Date: 18th June 2010 at 3:32pm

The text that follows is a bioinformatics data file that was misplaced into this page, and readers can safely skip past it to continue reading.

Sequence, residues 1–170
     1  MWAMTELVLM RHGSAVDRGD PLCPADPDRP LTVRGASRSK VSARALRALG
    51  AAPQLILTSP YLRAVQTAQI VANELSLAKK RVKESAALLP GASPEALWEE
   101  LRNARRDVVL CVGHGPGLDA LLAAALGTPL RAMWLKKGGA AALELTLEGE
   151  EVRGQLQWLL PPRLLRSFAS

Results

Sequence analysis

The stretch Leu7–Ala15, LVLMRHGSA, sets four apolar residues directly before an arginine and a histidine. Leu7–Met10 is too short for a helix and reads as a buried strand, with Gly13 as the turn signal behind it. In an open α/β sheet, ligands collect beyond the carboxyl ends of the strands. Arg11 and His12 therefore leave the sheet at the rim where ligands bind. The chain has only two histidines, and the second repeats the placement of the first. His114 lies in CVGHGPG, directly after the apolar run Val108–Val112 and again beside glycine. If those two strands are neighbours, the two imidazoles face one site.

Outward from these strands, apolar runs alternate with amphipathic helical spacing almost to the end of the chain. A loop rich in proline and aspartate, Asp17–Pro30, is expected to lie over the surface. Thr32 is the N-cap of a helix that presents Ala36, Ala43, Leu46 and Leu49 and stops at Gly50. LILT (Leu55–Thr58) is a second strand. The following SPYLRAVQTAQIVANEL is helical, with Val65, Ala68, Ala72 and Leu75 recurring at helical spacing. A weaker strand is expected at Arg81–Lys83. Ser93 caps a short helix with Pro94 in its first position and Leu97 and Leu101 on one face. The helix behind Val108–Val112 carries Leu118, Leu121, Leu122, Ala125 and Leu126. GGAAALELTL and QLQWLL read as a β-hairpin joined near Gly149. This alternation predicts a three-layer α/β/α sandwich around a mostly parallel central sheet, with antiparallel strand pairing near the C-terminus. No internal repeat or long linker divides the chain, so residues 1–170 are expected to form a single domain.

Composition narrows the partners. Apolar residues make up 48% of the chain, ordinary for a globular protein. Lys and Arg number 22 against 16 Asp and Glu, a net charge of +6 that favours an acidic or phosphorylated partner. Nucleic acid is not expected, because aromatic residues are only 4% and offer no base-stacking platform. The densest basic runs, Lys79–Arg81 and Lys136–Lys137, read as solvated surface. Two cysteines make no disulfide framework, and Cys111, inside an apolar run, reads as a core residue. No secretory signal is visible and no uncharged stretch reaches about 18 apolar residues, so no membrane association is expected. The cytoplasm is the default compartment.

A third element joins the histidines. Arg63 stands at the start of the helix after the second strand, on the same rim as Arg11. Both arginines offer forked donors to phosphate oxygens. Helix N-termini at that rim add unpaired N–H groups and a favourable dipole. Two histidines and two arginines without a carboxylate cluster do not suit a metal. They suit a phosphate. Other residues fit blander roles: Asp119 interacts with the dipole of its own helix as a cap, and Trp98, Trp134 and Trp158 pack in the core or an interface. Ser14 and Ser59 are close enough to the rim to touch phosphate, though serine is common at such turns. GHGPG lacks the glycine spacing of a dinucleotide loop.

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With the release of the league fixtures yesterday, that second checkpoint of the summer has been reached. (The first being the release of the end of season review DVD). The fixtures feed that first jolt of anticipation for the new season; they make the misty haze of August seem a little nearer, like a blinking lighthouse in the distance of a dense wintry fog. After the first perusal, I begin to study intently. Which matches clash with family and friends birthdays/ anniversaries/ weddings/ changing of under garments or any other such occasion. (Birmingham away a day after my Birmingham based nephew`s 18th is a result. Just have to hope Stoke at home isn`t moved to the Sunday because one of my best friends gets married that day). Who will I have to let down this year as I inform them that, though I`d love to join them for their birthday shenanigans, I have a coach ride to Bolton that I really can`t miss. Anyway, with the next pre season checkpoint still a month away (first pre season friendly of course), I thought what better time for another dissertation of pointless meandering sentiment?